In this second instalment of the Fantastic Beasts series, fans will delight at the Harry Potter Easter eggs, shocking reveals and cinematic magic, though it does feel expositionary at times.

Following on from the events in Fantastic Beasts and Where to Find Them, dark wizard Gellert Grindelwald (Johnny Depp) is in custody in MACUSA and the film kicks off with him showing the extent of his powers of magic and persuasion as he sets his escape plan in motion.

Now on the loose, Grindelwald goes to Paris to try to recruit witches and wizards to his cause; giving pure-blood wizards power to rule over the wizarding and muggle worlds. But he doesn't do it in the Voldemorty way of killing those in his path, he is more concerned with building a loyal following devoted to his beliefs and having the appearance of being a fair and worthy leader. 

Dumbledore's relationship with Grindelwald is explored in this film

Dumbledore (Jude Law) and the Ministry of Magic are each invested in getting Newt Scamander (Eddie Redmayne) on side to help track down Credence Barebone (Ezra Miller) who is also in Paris trying to find out who he really is – and he has a new friend in the shape of Nagini (Claudia Kim).

From scenes in Hogwarts, to delving into some Lestrange family drama, gaining insight into a young Dumbledore – Jude Law is brilliant by the way – and Nagini's beginnings, this really is one for the fans and as each bit of information is dropped, the sense of wonder grows.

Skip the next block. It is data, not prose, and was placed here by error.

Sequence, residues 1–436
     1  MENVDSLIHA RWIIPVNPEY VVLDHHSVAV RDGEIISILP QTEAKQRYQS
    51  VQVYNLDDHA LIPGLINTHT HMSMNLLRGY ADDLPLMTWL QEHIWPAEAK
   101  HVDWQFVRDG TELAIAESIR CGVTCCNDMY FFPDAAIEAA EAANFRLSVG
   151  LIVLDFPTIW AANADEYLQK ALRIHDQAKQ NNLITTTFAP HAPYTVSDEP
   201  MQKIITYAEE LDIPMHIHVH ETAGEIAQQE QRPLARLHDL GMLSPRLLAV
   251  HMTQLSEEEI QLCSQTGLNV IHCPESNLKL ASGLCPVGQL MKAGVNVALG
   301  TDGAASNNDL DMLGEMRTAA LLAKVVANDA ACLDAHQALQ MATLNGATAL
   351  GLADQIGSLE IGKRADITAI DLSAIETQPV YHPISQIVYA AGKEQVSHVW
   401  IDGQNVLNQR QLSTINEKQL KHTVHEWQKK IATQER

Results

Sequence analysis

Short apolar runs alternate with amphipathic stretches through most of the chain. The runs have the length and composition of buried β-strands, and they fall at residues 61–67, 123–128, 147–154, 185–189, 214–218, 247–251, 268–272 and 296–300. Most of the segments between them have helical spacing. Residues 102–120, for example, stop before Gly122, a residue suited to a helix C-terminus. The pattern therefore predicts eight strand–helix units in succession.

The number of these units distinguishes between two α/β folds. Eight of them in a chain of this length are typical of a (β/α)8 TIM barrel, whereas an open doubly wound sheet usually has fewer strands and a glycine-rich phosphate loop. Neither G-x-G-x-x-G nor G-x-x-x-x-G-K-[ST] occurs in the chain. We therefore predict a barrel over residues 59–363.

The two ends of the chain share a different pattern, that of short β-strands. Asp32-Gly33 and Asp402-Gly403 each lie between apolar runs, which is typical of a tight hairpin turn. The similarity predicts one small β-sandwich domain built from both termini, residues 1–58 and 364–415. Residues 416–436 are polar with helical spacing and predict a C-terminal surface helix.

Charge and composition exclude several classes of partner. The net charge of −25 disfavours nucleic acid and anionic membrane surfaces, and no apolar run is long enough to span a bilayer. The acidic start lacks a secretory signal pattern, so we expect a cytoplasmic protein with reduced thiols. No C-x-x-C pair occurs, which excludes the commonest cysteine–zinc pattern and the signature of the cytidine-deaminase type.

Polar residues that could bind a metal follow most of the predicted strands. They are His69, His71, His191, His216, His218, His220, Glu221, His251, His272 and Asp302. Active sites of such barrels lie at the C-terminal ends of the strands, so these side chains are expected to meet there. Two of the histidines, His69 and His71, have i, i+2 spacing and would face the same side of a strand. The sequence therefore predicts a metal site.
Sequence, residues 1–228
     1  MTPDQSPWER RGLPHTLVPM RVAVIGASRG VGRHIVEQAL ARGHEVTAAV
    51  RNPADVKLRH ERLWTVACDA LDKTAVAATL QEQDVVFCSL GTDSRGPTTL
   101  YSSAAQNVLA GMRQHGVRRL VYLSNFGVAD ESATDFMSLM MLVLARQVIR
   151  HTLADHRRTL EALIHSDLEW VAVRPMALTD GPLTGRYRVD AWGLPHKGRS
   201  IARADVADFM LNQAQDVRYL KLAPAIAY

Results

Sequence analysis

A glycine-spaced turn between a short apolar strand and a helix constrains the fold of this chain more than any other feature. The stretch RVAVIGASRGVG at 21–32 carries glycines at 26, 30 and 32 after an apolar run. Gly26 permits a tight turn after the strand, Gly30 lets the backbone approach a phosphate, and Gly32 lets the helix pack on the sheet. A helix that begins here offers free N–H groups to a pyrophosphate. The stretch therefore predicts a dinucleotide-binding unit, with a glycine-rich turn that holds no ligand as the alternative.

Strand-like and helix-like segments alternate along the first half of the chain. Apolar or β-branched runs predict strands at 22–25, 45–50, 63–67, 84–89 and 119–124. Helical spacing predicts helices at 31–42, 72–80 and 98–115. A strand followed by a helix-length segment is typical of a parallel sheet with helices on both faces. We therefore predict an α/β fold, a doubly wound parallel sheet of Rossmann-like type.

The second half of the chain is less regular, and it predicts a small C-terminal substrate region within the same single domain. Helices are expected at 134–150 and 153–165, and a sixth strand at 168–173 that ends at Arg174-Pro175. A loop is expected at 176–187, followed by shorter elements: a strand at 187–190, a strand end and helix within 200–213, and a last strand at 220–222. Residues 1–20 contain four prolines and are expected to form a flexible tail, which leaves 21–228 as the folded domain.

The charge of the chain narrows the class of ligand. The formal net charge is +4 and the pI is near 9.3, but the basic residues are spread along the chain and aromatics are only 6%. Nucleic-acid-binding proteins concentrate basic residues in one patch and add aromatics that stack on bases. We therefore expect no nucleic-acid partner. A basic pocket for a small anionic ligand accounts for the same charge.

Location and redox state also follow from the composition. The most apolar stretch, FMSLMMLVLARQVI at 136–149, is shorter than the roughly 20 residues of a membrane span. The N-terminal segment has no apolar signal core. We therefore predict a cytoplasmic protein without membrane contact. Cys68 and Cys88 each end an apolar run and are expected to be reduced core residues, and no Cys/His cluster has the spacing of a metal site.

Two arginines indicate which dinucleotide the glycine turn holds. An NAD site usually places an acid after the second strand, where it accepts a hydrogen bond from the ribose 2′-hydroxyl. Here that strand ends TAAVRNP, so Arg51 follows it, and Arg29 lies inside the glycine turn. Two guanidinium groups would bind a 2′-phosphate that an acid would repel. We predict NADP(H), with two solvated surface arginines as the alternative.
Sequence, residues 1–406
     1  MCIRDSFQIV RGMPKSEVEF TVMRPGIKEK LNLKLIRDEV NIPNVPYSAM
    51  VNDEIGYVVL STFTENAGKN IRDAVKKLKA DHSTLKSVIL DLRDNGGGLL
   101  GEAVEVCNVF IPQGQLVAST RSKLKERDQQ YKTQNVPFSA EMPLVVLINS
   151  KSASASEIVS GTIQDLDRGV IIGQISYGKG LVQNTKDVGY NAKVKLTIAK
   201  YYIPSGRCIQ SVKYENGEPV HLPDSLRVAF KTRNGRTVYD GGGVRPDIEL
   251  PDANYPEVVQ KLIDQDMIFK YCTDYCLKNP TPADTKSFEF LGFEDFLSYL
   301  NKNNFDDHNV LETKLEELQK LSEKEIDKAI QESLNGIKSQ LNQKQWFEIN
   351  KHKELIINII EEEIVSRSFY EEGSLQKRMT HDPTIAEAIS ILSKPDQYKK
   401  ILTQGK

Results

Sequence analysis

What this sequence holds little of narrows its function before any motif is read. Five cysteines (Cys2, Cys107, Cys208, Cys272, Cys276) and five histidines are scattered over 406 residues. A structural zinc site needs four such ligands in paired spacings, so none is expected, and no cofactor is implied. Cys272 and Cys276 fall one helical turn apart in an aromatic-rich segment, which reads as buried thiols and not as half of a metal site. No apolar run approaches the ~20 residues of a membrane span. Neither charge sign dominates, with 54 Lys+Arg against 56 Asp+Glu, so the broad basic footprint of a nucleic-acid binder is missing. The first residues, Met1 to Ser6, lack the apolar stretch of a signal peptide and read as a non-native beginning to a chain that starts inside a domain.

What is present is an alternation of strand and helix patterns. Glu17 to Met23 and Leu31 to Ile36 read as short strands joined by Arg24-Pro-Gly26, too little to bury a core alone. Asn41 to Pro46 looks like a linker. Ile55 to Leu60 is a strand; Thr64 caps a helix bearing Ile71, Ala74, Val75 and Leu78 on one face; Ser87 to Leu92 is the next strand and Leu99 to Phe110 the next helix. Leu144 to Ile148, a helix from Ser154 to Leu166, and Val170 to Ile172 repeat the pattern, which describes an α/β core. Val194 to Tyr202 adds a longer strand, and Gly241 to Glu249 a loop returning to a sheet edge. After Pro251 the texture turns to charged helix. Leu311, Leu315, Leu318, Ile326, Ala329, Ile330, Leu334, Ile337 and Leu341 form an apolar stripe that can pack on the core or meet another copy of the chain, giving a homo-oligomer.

The cast are at the top of their game, with Zoe Kravitz giving a stunning and layered performance as Leta Lestrange, though at times her character is shoehorned into scenes that lay things on just a little thick.

The creative department have knocked it out of the park and the magic has never looked so good, but it's the fantastic beasts that create the greatest sense of awe – or awh in terms of the baby nifflers.

Theseus (Callum Turner) and Newt Scamander (Eddie Redmayne)

Where the film falls down is in the sense that it serves to provide background information and set the scene for the films to follow. Should the series have been stretched to five films or could a more succinct trilogy have played better? I'm inclined to think the latter, but I will be in the cinema every step of the way to find out what happens next, as will the rest of the fandom I'm sure.

It's another thrill ride for fans and some of the revelations caused me to audibly gasp, reminiscent of how I would've when reading the Harry Potter series for the first time.

Despite its lengthy run-time, with an ending as good as in this film, it manages to leave you wanting more.

The magic is alive and well.